And the lights never lined up either. You’d hit two greens, then two reds. You’d race through a couple of last-second yellows and then get your comeuppance with five reds in a row. Yes, it was a frustratingly, fuel-wastingly, stop-and-go-to-slow ordeal.

Now, one night I was driving home from Mike’s place a little later than usual. We started a movie when we should’ve called it a night, and I was trucking home at three in the morning on a Tuesday. I approached The Gauntlet groggily and hit the first few green lights in a row, no problem. Nothing special, I figured, probably just a tease. After all, The Gauntlet had never lost.

But then, before I knew it, I had made a couple more.

Then a couple more.

Then a couple more.

Suddenly I was two lights away from the finish line and I couldn’t believe my luck. Looking ahead I could see that both lights were green, tempting me, showing me what might be possible.

So I gunned it.

I blew through the second-last green and saw that last one turn to yellow. There was no way I was going to get that close without making it through, so I just jammed the gas and just barely squeezed by as the light turned red.

Yes, it was one of the greatest accomplishments of my life. I was buzzing huge that night and smiling ear to ear. And really, just tell me the truth — if you’ve ever blown through a string of green lights in a row, how does it make you feel?

I’ve got just one guess.


Photo from: here

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#920 Getting the eyelash out of your eye

Home freeEyeballs do not want to be touched.

I mean, have you ever put fingers, algae-filled lake water, or shampoo in there? Yeah, that gets your eyes screaming in pain pretty quick, doesn’t it? Unless you’re using Johnson & Johnson’s No More Tears shampoo of course, in which case feel free to lather your eyeballs right on up, no worries.

But seriously, your eyes have their own plumbing system so they’re pretty self-sufficient. Technically they’re called tear ducts but they may as well be called Eye Toilets because they just flush your eye out. Nope, no need for any assistance folks, because your Eye Toilets have it all under control. Dust, dirt, tiny little microscopic bugs — flush, flush, flush away.

Yes, your Eye Toilets are really quite good at their job …

… unless, of course, a rogue eyelash gets in there! Yes, when a rebel lash quietly unhinges itself from the confines of your eyelid and attempts a poorly planned escape to freedom it’s not good. If you’re like me and are cursed with poorly-attached eyelashes, then your lashes just give up and die all the time, flipping down into your eyeball and annoyingly scratching and clawing you right in the cornea. The Eye Toilets start madly flushing, but to no avail — that lash is just sticking in there tight and it ain’t budging.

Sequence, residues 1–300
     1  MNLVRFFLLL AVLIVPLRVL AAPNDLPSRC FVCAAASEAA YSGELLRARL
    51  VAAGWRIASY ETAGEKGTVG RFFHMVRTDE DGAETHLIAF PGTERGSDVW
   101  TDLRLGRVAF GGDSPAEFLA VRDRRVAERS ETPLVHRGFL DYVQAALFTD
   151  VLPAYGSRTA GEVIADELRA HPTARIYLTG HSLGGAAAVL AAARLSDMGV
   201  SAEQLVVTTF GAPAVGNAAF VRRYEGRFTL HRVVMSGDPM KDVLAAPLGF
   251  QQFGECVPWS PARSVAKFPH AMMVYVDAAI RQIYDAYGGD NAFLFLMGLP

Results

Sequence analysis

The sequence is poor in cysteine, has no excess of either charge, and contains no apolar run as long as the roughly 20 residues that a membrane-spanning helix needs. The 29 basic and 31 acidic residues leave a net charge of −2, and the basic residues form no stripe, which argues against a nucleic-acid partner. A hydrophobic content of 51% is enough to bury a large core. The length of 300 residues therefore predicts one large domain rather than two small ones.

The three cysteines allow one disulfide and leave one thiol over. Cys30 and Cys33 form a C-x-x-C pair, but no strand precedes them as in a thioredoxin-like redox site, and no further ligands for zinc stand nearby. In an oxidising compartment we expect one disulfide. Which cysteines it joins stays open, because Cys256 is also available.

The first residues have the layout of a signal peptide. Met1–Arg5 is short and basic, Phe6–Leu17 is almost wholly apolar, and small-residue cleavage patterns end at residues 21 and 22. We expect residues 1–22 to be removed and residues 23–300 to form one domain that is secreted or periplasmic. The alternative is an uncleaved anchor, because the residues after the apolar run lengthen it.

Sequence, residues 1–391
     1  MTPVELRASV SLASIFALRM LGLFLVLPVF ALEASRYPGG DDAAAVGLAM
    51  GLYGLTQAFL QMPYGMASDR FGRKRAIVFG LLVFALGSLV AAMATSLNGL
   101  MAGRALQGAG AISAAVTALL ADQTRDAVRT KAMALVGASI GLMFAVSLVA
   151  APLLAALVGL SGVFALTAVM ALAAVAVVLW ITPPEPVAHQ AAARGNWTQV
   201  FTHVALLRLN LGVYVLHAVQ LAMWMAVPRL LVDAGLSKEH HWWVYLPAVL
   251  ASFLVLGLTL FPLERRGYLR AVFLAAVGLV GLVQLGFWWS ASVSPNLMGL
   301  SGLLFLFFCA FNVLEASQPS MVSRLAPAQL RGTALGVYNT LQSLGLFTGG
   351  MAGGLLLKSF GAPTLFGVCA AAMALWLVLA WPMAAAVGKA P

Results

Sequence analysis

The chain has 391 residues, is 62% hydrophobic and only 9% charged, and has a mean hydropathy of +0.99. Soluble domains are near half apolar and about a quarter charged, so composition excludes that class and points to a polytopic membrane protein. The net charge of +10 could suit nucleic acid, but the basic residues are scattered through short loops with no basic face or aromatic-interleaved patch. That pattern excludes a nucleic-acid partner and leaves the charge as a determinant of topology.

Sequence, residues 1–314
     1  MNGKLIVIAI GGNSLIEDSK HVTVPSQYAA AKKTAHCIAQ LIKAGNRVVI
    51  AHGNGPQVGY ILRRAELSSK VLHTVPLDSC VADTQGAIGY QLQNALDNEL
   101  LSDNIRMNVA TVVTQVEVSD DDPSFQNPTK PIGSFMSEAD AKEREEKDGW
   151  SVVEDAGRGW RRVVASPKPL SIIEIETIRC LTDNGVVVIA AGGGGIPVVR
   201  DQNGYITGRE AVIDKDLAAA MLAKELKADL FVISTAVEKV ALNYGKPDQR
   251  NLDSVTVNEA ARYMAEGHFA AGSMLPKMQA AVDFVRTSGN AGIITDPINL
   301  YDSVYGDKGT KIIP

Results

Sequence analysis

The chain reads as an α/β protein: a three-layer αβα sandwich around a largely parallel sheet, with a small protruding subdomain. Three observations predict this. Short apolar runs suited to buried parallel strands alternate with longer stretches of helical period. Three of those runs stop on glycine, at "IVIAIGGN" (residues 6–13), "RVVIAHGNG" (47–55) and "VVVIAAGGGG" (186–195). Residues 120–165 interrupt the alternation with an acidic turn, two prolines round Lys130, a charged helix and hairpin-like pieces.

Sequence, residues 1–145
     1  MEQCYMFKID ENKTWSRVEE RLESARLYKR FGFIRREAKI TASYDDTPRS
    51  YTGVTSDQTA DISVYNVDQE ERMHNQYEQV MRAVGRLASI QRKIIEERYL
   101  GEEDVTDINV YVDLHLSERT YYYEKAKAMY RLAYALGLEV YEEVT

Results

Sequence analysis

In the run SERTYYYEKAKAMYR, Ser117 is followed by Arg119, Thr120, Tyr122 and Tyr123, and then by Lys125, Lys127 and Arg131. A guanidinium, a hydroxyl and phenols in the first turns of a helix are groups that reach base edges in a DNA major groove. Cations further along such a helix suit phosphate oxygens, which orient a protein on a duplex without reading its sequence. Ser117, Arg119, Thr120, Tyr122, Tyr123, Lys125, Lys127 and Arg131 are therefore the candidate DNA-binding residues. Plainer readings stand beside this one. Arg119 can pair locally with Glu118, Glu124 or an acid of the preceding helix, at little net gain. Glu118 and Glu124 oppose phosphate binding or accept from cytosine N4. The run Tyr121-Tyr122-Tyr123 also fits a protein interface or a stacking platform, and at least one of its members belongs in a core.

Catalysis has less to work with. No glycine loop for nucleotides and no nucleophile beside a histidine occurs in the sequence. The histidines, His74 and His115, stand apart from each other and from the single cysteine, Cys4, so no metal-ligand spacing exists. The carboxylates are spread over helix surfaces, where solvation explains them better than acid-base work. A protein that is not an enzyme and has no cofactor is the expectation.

Now, I don’t care how many barfights you’ve been in or how many times you’ve been shot, you know as well as I do that when there’s an eyelash in your eye it’s incredibly painful, it’s incredibly annoying, and it requires a ton of focus to get through. You might even have to try one of these eyelash-removing methods:

  • The Pinch and Squeeze Method. This is where you close your eye real tight, and then pinch ‘n’ squeeze all your eyelashes outwards, hoping to grab onto a tiny piece of the rogue lash and pull it out, too. I recommend doing this one first to see what happens. You miss here, you still got plenty of options.
  • The Get Someone Else To Blow Into Your Eye Method. If you’re the blowing friend, you can either do a Surprise Blow to prevent the blowee from defensively closing their eye just before you do the deed, or you can do the real surgical technique, where you get them to lie down, hold their eye open, and line up your blow exactly at the eyelash. That last one takes trust and a very dry, stiff blow. Think mighty birthday candle blowout not warming up your hands at the bus stop in winter.
  • The Hard Winker Method. A solo sport, this is where you just keep winking your eye really, really hard and hope the lash will eventually ‘pop out.’ Not a bad technique, though sometimes the act of hard winking just forces that eyelash in there deeper. Bit of a double-edged sword.
  • The Eyelid Flapper. My friend Scott taught me this method when we were little kids. You just pinch the skin of your eyelid with your fingers and keep popping it in and out real fast until the lash gives up and lets go. This method is a little bit gross to look at and comes complete with a marvelously wet and disgusting suction sound.